I read an interesting article earlier this week… it compared snow tires, summer tires, and all seasons in the three conditions those tires were made for. The results seemed like they’d be a clear path to victory (at least my pre-concieved notions said so) The snow tires would win in snow, the all seasons would win in wet conditions, and the summer tires would take the dry conditions. Some of that came true… the summer tires barely worked in the snow… but it’s not something you’d want to do, may as well have been slicks. The snow tires dominated in the snow, beating the runner up (the all seasons) by at least 20% in both acceleration and breaking performance. Now here’s where I was terribly surprised… The all seasons didn’t take the wet conditions! Seriously, the summer tires dominated the wet conditions the snow tires kept up with the summer tires… I imagine in a colder climate (they did it in Arizona) those two could have switched positions on that test… but the all seasons were far behind in the water, struggling to perform as they got to highway speed they just floated on the water. Of course the summer tires took the cake on dry pavement, acceleration and cornering were nearly even but above the all seasons… where the summer tires tore up the road was in breaking in dry, far surpassing anything else. I imagine these tests would also get a wider margin with a higher powered vehicle, something that could break the all seasons loose, would still potentially hook up well with the summer tires and the acceleration test might be a different story.

Anyways… this has changed my perspective. I was going to get snow tires, and then all seasons… but I think after reading that I’m definitely going the route of summer and winter tires. When you drive as frequently as I do it’s important to have the right tool for the job. Plus, in the long run it’s actually cheaper on tire and fuel costs to run the proper tire for the job.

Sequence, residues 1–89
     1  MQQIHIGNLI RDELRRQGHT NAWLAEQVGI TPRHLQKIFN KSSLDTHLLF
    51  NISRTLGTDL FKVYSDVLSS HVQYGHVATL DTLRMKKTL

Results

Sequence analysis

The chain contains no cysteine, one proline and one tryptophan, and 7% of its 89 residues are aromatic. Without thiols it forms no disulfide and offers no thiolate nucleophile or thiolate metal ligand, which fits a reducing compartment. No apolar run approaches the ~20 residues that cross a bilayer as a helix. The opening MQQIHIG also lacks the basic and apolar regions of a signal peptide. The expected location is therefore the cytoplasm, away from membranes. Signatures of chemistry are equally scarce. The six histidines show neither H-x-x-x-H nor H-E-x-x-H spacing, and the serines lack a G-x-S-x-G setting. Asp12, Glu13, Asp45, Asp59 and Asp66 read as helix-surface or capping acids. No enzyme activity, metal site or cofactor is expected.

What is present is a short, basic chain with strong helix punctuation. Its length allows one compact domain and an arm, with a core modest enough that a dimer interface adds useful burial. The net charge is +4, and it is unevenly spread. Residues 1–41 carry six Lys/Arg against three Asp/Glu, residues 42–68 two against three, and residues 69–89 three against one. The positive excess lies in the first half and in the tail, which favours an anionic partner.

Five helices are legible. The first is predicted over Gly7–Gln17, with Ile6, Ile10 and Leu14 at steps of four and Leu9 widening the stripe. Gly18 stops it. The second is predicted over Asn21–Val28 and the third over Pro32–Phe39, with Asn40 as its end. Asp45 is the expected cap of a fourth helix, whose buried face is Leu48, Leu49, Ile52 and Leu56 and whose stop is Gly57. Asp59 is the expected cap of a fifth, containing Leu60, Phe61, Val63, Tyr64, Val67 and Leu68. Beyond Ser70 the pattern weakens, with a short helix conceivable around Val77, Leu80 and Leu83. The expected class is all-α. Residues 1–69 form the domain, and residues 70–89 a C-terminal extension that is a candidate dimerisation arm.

September 9, 2012

Welcome my morning post

Well, seeing that Audi R8 in person kinda reawakened my desire to get a rally car together… It just costs so dang much! Honestly it only costs about $2,000 since I’ve already got a little car that would qualify, but that would be with stock wheels and the tires that are currently on their. That’s probably a terrible idea though since the run I want to make is in February, in Missouri and it’s got Michelin HydroEdge tires on their… Don’t get me wrong, I love me my HydroEdge’s but in the snow… they just plain suck! They’re great in the rain, or dry pavement, the traction they get is unparalleled for that little car… but in the gravel, snow, rain, whatever February Missouri weather throws at you. Yeah, I most definitely need to go with some snow tires so it’d be more than $2,000. If I can get these blogs rolling in some extra dough, it shouldn’t be a problem. But that’s gotta happen in less than two months! Even then I wouldn’t be able to get a roll cage in it and get it rally ready until the following season. Dunno… it’s a big hassle, and a lot of money, I may just have to sell the car. Actually the wife and I were talking about giving it away to a local church thing where they fix up older cars and give them to needy families. The Michelin’s still have about half life to them (which with those tires is a good 40k-50k miles) it has brand new struts on all four wheels, and decent breaks… it does leak oil though from both the front and rear main seals… which is a pain, and I’d have to take care of that before getting it into rallying too, can’t have that blow out in the middle of a rally run 😛

April 9, 2012

A rally run

Okay, so I’ve been inspired 😉 I heard about the 100 acre wood rally race in Missouri for the first time this year. I’ve always loved Rally racing, but only recently got into it and started following some teams, and events. When I heard there was a stage rally event in Missouri I was very excited to try and attend next year! Especially near my birthday it’s the perfect excuse for a little adventure… then it occurred to me… We’ve got an old Corolla sitting in the driveway that I was going to use to teach Rose to drive with… Can’t hurt to do a little transformation of it and turn it into a rally machine while I’m at it huh? Well I’ve already started the process. It will undoubtedly take a lot of effort, and some learning along the way, but it does sound like an awesome event to get into. More to come in the future, I’m sure I’ll be going through a process of how to turn a regular street car into a production class rally car… and beyond.